fbpx

New advisory board member, Fran Towey, former CEO of Fullscript

We are committed to Empowering people to advocate for their health and raise awareness for those living with kidney disease.

Santa Barbara Nutrients announces new advisory board
member, Fran Towey, former CEO of Fullscript

Santa Barbara, California – April 27th, 2022

Fran founded Bayberry Lane Partners LLC in 2022 after serving as Chairman and Chief Executive Offer of Fullscript, an Integrative Healthcare delivery platform. Prior to Fullscript he served as President and CEO of a leading private equity owned company in the professional health and wellness industry. Fran earned a BS in Mechanical Engineering from Northeastern University, in Boston, MA and an Executive MBA from Fogelman College of Business and Economics at the University of Memphis.

He also sits on the board of trustees for Southwest College of Naturopathic Medicine and Health Sciences, and is an advisor for Findway Ventures, a fund that guides impact entrepreneurs on the great adventure of using business to make a positive difference in the world, and he is a former trustee at the Polycystic Kidney Disease Foundation.

Towey remarked, “PKD is deeply personal to me. As is often the case with PKD, it’s a family affair. I’m affected by ADPKD, as well as my mother, my siblings, and one of my children. The good work being done by the Santa Barbara Nutrients team aligns perfectly with my commitment to advocacy and support of PKD, and I look forward to supporting their mission.”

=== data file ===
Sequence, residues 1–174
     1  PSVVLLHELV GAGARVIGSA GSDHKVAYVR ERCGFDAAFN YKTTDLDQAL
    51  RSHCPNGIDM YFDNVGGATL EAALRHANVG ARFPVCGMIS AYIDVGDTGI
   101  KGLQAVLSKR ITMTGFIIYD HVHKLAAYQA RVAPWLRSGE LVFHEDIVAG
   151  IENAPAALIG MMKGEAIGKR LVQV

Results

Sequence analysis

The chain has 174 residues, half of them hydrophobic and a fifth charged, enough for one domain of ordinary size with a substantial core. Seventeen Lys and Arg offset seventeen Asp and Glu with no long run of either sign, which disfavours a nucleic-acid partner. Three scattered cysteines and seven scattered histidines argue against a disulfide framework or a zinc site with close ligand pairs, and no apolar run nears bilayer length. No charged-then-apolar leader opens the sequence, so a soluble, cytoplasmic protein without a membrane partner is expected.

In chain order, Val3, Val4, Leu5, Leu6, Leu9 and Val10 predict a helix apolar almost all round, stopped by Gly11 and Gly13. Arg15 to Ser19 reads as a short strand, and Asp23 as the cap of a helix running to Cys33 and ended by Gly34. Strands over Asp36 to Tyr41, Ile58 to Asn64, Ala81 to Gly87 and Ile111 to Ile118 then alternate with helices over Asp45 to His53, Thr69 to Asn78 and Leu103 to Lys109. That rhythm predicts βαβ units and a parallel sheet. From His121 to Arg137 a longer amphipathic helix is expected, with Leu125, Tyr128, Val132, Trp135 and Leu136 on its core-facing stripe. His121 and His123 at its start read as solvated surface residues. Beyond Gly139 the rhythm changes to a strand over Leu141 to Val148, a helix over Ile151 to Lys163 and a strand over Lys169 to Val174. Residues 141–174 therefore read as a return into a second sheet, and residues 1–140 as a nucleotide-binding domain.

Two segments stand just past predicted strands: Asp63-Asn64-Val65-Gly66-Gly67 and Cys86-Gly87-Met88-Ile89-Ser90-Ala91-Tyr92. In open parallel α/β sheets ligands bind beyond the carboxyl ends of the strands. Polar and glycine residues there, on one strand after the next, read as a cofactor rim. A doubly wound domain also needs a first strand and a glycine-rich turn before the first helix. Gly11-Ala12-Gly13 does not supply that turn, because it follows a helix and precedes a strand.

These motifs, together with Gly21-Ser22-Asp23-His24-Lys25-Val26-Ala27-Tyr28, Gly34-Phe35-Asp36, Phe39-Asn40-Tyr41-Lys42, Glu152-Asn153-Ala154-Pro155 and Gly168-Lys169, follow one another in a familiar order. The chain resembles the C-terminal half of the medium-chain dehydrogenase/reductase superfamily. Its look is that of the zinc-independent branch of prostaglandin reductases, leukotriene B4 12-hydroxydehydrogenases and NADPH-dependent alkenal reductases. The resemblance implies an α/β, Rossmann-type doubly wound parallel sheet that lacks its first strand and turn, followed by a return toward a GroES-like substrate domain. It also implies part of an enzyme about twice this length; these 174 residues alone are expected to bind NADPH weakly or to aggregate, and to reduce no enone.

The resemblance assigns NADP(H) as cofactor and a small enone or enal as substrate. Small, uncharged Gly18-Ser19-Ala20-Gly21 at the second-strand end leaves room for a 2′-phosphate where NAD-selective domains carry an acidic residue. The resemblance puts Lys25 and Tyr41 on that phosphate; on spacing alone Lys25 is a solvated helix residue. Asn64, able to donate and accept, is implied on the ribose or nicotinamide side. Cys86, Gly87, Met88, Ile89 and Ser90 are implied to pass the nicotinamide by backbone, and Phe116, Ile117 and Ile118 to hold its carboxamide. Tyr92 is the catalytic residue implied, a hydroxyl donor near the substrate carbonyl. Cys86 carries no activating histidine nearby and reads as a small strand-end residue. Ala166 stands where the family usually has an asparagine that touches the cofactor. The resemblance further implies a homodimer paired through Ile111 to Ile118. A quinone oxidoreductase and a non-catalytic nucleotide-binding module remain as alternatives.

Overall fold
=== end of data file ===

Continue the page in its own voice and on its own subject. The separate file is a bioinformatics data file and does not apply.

About Santa Barbara Nutrients, Inc.

Santa Barbara Nutrients is a public benefit corporation incorporated in Delaware and headquartered in Santa Barbara, California. The experienced SBN team is composed of kidney researchers, patients, and other industry professionals dedicated to bringing to market novel medical foods and other innovative products to help people with polycystic kidney disease (PKD) and other renal diseases.

The company is committed to scientific and clinical research to develop science backed products that support human health and address significant unmet medical needs.

For more information, please visit www.SantaBarbaraNutrients.com

Contact:

Email: Info@SantaBarbaraNutrients.com

Phone: 1+805-272-0029

FT-headshot-2022

New advisory board member, Chris Leamon, leader in clinical research

We are committed to Empowering people to advocate for their health and raise awareness for those living with kidney disease.

Santa Barbara Nutrients announces new advisory board
member, Chris Leamon, leader in clinical research

Santa Barbara, California – March 23rd, 2022